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Entrepreneurial Baby Boomers May Hold the Answers Aspiring #Millennipreneurs Need

Business and Life Coach, Anna McCoy stopped to talk with three millennials, sisters Angel and Ashley and their friend Andrew about their future endeavors as entrepreneurs.

International Women’s Month has taken me in so many wonderful directions so far. We have been celebrating women around the globe through the #WatchHerRise entrepreneur series, and last week, we talked to Bidemi Mark-Mordi and Sarah Platt from Urban Izzy about how our keys to becoming successful may lie in what we already have. With women being a beautiful and diverse group, we have different needs, opportunities, and challenges depending on where we are in our life’s journey. So this week on Friday Live with Anna McCoy, we are going to be looking at women entrepreneurs from a generational perspective—Baby Boomers and Millennials.

Now, if I asked you, “Are Baby Boomers or Millennials starting businesses in larger numbers?” you might think the safe guess would be Millennials. However, you’d be wrong. Many have speculated that Millennials would be far more entrepreneurial than they have actually turned out to be. Britt Hysen’s, the editor-in-chief of MiLLENNiAL magazine, claims that "60 percent of Millennials consider themselves entrepreneurs, and 90 percent recognize entrepreneurship as a mentality.” However, although fewer #Millennipreneurs are starting businesses, as a whole, Millennials are projected to be the least entrepreneurial generation: Entrepreneurship rates for people under 30 have fallen by 65 percent since the 1980s. According to Entrepreneur magazine, Baby Boomers are the most powerful entrepreneurial group, often foregoing retirement to launch their second or third career.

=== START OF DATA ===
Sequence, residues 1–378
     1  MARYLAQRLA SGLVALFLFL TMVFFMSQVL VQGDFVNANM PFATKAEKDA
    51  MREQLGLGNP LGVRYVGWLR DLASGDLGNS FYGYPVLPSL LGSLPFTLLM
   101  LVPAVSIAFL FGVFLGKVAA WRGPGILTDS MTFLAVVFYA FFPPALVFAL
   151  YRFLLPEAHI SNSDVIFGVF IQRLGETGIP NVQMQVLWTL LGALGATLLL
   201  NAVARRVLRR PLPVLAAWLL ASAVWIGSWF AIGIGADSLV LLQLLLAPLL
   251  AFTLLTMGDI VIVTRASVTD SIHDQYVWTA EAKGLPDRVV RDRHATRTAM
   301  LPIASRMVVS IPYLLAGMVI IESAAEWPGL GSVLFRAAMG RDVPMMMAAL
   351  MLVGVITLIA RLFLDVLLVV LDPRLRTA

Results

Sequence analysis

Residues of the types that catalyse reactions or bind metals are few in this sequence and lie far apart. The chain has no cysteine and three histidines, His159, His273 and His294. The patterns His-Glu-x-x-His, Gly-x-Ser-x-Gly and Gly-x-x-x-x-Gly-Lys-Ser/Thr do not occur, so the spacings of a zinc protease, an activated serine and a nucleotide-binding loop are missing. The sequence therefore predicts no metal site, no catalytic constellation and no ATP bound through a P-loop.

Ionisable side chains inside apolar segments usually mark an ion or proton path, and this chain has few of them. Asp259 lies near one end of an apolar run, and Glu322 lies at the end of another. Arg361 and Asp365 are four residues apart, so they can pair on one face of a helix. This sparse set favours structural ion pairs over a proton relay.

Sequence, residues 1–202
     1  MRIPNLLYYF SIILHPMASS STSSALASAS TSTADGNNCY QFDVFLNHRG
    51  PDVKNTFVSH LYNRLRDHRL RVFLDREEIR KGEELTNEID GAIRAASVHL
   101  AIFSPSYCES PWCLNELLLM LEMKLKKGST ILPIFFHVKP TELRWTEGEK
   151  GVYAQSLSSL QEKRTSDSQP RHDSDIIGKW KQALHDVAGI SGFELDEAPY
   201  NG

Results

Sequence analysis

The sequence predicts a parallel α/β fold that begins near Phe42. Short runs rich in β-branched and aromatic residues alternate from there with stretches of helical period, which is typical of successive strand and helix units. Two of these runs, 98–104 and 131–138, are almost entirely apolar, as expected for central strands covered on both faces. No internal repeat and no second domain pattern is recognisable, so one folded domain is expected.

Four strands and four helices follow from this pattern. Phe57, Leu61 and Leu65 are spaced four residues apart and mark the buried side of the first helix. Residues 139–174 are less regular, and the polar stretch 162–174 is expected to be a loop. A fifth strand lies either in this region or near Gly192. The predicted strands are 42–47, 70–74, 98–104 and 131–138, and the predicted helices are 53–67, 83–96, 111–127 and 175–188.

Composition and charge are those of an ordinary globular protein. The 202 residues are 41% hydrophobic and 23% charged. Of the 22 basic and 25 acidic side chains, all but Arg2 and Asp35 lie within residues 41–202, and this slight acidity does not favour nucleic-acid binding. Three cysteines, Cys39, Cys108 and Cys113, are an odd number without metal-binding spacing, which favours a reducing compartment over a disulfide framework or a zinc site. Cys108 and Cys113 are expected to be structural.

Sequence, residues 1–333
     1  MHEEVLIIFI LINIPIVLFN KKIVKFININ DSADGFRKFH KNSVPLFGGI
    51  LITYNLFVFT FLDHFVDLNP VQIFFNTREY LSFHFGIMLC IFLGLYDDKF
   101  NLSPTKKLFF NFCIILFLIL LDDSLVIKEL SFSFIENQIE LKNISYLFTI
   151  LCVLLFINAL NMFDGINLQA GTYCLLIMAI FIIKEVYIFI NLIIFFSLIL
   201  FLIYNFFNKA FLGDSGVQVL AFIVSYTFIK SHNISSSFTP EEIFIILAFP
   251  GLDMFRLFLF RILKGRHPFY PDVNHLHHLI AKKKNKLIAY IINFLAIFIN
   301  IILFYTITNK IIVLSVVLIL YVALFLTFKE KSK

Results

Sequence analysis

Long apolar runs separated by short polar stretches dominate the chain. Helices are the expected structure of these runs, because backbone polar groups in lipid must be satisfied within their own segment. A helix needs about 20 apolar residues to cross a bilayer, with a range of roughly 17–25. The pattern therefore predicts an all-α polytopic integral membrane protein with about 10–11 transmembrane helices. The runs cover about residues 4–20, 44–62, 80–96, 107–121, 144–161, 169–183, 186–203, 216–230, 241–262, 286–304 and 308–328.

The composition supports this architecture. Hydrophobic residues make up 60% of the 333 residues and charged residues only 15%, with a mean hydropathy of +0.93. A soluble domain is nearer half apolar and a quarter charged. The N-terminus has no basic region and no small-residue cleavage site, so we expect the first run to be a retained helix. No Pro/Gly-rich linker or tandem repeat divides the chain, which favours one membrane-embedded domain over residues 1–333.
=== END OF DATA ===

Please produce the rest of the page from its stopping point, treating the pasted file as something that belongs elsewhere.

Well, I am not one to pit one group of women against another or join in the argument about which generation is best. However, what I see in these statistics is an opportunity for synergy and collaboration! Despite Millennials taking part in the gig economy and embracing self-employment in greater numbers, their reluctance to launch their own businesses stems from an aversion to risk-taking caused by excessive student loan debt. While debt and lack of capital are real hurdles to entrepreneurship to overcome, technology has played a major role in bridging those gaps.

This week on Friday Live with Anna McCoy, I will be talking to Emra Smith, founder and CEO of The International School of Story, and Inyang Sami-Orungde, a partner of Averti Professional Managers, an all-women business solution and consulting firm, who are both entrepreneurial baby boomers. Inyang Sami Orungbe started her business just five years ago instead of heading for retirement, and Emra Smith has dedicated herself to encouraging women to share their stories in order to inspire others, empowering women and girls to find solutions to limiting situations and beliefs, and also bringing economic stability to women through healing, inspiration, and education. Emra is also a life coach.

Entrepreneurial Baby Boomers can coach and mentor Millennials with some of the life lessons they have learned and help to steer them away from the pitfalls that come from launching a business. This can empower millennials to overcome their hesitation toward becoming the businesswomen they have always dreamed of being.

I hope that Millennials and Baby Boomers will join me this Friday, March 22, on Facebook at 10 a.m. CST to start this very important and crucial dialogue. As women, we have so much we can learn from each other. Be part of the conversation!

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